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Syracuse Tragedy Continues To Highlight Lawlessness

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Senator Tom O'Mara


In a recent column, I wrote about Chemung County Sheriff’s Investigator Mike Theetge who, while in pursuit of a suspect in a retail theft operation at a Target store in Big Flats, Chemung County, was struck and severely injured by the getaway vehicle being used in the crime.

Investigator Theetge is 35 years old. He suffered a skull fracture and brain bleeding. Gratefully -- thanks to his own fortitude and strength, and the incredible care and support he has received -- Investigator Theetge is steadily improving. But he and his family face a long road of recovery.

Sadly, and tragically, the ongoing spread of lawlessness throughout this state once again hit far too close to home last week when two Syracuse law enforcement officers – Onondaga County Sheriff Lieutenant Michael Hoosock and Syracuse Police Officer Michael Jensen -- were gunned down and murdered in the line of duty on Sunday, April 14.

In the aftermath of the Syracuse tragedy, Monroe County Sheriff Todd Baxter, in words that echo the sentiment of so many throughout this region and state, said, “I’m frustrated. I’m angry. I’m hurt. Just like everybody else in Syracuse. There is what I believe is a target on the back of law enforcement. People have come to a new level of brazenness towards law enforcement and if that doesn’t scare the hell out of our community then I don’t know what will."

Sheriff Baxter is right about a “a target on the back of law enforcement” and a “new level of brazenness towards law enforcement.” Many believe it stems directly from the brazenness of Albany Democrat policies and a mindset that have failed and refuse to recognize – in fact, that deliberately work against -- the need for law and order.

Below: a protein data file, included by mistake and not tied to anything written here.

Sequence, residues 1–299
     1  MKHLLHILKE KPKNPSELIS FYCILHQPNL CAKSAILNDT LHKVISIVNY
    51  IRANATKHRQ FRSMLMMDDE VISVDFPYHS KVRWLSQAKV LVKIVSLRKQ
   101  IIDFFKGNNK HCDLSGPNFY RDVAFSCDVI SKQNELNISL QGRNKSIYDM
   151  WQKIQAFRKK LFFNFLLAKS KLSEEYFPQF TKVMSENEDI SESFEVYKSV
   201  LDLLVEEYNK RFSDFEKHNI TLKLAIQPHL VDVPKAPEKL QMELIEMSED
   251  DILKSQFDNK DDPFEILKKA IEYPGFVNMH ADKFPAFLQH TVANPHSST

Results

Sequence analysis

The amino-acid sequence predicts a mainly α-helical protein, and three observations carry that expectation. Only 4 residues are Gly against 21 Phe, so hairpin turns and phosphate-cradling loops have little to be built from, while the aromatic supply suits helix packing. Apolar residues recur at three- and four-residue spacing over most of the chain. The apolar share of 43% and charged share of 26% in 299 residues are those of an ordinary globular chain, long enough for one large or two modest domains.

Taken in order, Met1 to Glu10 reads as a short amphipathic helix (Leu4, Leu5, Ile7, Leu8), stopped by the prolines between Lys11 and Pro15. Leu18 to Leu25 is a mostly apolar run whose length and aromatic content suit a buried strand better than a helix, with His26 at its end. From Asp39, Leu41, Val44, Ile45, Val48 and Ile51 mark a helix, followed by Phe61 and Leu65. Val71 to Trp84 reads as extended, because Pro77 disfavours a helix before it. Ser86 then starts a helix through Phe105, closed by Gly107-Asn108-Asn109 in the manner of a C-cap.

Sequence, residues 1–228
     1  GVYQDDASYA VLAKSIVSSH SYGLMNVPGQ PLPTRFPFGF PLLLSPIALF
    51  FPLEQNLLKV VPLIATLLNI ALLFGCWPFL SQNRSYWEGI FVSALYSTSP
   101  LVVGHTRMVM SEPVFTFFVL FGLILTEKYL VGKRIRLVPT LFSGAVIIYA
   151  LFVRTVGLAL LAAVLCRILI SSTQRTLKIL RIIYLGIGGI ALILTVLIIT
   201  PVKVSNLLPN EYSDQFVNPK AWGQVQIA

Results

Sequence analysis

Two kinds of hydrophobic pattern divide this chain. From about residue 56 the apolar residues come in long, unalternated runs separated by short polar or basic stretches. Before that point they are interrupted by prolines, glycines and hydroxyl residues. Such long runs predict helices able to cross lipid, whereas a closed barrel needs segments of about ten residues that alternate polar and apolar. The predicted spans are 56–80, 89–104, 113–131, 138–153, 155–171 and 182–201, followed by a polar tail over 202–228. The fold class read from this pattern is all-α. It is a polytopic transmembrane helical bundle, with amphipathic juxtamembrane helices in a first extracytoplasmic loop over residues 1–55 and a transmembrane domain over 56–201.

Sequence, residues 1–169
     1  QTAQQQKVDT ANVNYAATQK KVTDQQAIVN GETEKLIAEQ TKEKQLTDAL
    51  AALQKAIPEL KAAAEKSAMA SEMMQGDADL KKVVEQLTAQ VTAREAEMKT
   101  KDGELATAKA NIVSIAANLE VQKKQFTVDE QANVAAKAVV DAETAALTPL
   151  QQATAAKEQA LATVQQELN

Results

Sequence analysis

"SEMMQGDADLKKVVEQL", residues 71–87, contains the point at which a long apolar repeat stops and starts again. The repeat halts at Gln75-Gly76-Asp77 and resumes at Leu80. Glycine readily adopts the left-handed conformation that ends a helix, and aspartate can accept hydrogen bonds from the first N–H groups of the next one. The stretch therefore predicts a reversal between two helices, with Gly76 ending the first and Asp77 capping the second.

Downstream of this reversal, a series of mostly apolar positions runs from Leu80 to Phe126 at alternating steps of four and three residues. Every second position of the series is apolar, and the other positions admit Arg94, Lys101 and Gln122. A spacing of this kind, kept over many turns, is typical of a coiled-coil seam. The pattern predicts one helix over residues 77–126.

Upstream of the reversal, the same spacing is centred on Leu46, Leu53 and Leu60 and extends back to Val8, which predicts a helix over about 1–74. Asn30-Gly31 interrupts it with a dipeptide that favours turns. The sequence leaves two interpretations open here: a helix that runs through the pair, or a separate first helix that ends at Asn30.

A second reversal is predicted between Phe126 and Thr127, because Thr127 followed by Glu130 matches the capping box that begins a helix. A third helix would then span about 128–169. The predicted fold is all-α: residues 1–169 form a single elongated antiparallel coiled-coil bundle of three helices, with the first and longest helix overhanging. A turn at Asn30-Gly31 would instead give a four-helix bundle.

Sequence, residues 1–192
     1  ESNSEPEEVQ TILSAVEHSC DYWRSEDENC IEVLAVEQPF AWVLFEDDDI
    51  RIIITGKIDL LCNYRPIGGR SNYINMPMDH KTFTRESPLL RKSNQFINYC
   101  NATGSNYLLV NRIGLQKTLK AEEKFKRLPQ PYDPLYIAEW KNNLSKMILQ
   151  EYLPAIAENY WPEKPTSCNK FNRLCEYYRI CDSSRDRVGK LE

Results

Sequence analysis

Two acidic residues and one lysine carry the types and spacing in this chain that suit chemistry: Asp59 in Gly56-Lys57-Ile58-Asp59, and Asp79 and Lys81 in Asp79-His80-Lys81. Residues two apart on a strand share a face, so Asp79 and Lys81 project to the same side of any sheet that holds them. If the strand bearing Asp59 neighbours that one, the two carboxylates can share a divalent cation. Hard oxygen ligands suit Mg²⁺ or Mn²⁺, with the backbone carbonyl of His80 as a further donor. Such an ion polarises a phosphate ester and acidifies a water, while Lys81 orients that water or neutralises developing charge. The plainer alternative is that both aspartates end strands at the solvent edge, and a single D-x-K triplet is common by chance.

As I have stated many times over the past several years, the consequences are clear: a rapidly declining Empire State. Beginning under former Governor Andrew Cuomo and continuing under current Governor Hochul, working in tandem with a state Legislature under all-Democrat control, New York State’s criminal justice system has been turned upside down and inside out.

Failed bail and discovery law reforms. A “Raise the Age” law (aka the Gang Recruitment Act) that removes criminal responsibility for violent 16- and 17-year-olds, thereby providing incentive for gangs to recruit and utilize younger members. A parole system that continues to outrageously release the most violent of inmates, including cop killers and child murderers. A correctional system that has become a powder keg of violence because it handcuffs administrators and correctional officers from being able to maintain control, and the inmates know it. The approval of new laws like the so-called “Clean Slate Act” facilitating a widespread sealing of millions of criminal records, 2.3 million records to be exact, including for any number of violent crimes including assault, armed robbery, attempted murder, manslaughter, kidnapping, drug trafficking, and others, regardless of the number of criminal convictions an individual has.

The halls of state government are out of control and, consequently, the streets are out of control. Under the cover of a so-called “progressive” political ideology that has taken over the reins of power in Albany, this state has become less safe. Plain and simple. Statewide polling throughout the past few years confirms that New Yorkers view crime as one of the most critical issues confronting the state and that New York is moving in the wrong direction to address it.

Albany Democrats keep trying to defend a mindset for which there is no defense. They keep trying to assure the rest of us that public protections remain in place. That, somehow, the reality of their “no consequences” approach to law and order is not real.

Instead of changing their own ways, they keep trying to convince us that all we need to do to make things better is to stop believing what we keep seeing and hearing every week.

Senator Tom O'Mara represents New York's 58th District which covers all of Chemung, Schuyler, Seneca, Steuben, Tioga and Yates counties, and a portion of Allegany County.

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